It isn’t always realistic to have a whole team of people who can do those tasks; if you only have the resources to recruit one digital person you can’t have a whole team of developers – most SME businesses certainly wouldn’t have a team of developers in-house. So it’s probably right that charities use agencies for this side of things. That’s an area where you do need quite specific skills – to procure and manage a digital agency you do need a certain level of knowledge.

What do you think is important in managing a digital project?

Making sure you truly understand the scope of the work at the beginning is critical. There needs to be a clear understanding of the user needs and requirements – what they want from a product or service – as well as a clear sense of the business objectives. Sometimes these two don’t match up and that’s where you need to work it through and find a balance.

Agile is a great project management approach for digital, but – especially in the charity sector – you also need to be clear about your budgets and scope, and what you are trying to achieve.

What’s the best use of digital you have seen – in or out of the sector?

This was a really difficult one but I tend to admire organisations using digital to do what they already do, but better.

If you look at Parkinson’s UK or NSPCC, who are doing great stuff, firstly they have really good websites – people often forget about them but they are still key – but they have also thought carefully about how their services can be delivered digitally.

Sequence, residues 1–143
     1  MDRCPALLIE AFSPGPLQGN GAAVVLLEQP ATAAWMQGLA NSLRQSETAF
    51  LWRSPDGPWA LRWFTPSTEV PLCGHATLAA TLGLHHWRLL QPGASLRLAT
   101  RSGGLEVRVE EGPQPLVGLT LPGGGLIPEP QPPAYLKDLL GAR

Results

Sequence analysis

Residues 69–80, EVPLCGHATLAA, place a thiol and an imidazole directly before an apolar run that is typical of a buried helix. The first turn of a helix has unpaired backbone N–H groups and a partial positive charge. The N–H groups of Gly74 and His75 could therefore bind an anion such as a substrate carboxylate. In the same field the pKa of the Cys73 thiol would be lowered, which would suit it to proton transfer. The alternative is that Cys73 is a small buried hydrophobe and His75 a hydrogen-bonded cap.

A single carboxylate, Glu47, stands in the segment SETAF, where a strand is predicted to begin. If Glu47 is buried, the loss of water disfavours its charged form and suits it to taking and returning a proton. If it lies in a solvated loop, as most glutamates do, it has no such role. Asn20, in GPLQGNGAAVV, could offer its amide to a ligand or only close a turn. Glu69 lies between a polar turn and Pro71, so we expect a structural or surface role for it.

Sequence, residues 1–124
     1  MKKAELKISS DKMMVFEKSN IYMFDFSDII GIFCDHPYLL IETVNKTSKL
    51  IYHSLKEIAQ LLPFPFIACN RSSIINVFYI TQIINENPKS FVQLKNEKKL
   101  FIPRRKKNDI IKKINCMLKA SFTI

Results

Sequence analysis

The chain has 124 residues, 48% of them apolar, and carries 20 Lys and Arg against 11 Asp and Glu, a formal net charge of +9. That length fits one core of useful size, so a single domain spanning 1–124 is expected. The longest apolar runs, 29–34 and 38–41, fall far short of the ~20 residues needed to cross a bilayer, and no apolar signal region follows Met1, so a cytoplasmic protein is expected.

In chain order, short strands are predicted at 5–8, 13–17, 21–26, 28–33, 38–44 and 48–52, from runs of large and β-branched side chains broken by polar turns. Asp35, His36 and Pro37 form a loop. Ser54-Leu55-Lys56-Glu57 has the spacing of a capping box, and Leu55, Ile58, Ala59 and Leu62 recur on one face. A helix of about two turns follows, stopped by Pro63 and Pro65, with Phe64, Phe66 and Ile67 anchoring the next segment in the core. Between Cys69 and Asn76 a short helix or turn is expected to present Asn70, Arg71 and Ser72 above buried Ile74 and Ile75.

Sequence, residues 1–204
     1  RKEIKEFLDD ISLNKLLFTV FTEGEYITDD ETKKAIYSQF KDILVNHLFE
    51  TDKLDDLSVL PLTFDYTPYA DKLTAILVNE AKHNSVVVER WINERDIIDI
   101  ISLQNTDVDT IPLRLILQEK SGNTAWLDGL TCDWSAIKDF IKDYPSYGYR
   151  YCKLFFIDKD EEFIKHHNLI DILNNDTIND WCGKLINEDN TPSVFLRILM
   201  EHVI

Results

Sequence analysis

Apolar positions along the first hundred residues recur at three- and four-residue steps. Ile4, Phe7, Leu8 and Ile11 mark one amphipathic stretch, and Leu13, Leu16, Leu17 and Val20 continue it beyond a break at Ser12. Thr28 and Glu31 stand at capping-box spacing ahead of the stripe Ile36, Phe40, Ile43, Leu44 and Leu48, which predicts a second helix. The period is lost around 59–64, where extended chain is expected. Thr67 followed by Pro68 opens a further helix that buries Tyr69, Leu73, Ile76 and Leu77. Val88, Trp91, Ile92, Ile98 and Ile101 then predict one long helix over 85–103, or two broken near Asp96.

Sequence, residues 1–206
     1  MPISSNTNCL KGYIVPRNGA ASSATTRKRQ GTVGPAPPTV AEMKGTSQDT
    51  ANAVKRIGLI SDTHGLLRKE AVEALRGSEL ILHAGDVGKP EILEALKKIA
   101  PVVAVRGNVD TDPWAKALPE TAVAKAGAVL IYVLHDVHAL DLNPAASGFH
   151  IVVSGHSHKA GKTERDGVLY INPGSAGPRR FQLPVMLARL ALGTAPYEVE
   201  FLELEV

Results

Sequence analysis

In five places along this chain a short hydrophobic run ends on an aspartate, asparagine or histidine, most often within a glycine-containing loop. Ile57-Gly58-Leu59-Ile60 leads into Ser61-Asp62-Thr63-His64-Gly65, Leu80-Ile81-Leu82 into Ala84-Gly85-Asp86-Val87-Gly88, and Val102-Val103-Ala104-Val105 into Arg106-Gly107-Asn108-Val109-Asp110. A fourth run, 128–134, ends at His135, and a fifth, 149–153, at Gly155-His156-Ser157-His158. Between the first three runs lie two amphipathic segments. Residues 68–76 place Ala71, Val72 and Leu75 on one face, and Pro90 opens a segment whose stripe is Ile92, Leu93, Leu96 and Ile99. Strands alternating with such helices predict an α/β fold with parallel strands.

For example, Parkinson’s UK started looking at the apps that were available for people living with Parkinson’s, rather than inventing their own. They now have a curated library of health and care apps and devices for people with Parkinson’s.

In terms of mental health, which is my area of work, Samaritans, Mind, NSPCC and ChildLine have all embraced digital technology to offer support. The Mix and CALM are also doing great stuff. Things like text services and chatbots are a great way to reach people who may not want to speak on the phone. It’s not a substitute for face-to-face talking therapies, but the reality is that that isn’t immediately accessible to most people and these services are filling a gap when people are alone, late at night, with their phones.

What could the corporate sector learn from the beyond profit sector on digital – and vice versa?

What the charity sector does really well is thinking about its user engagement and really understanding what the user needs and wants to do. That’s a natural extension of our values – we’re interested in people.

I am not sure I am qualified to be an expert on how the corporate sector is using digital, although I am always in awe of how well they can use data to drive marketing. It feels like they’ve mined my brain sometimes!  

The corporate sector can maybe be a bit more nimble and has the ability to take more risks. It’s not that the charity sector isn’t innovative because it totally is – it’s about the cost of projects on limited resources. Not only that but the costs of digital projects can be hard to predict – particularly if you are doing it properly and scoping out users requirements, and that can cause nervousness or funding challenges.

Android or iPhone?

Android. I just started with one because I couldn’t afford an iPhone and carried on. I’m put off by the updates that the iPhone seems to need constantly. It always seems to cause a lot of stress ….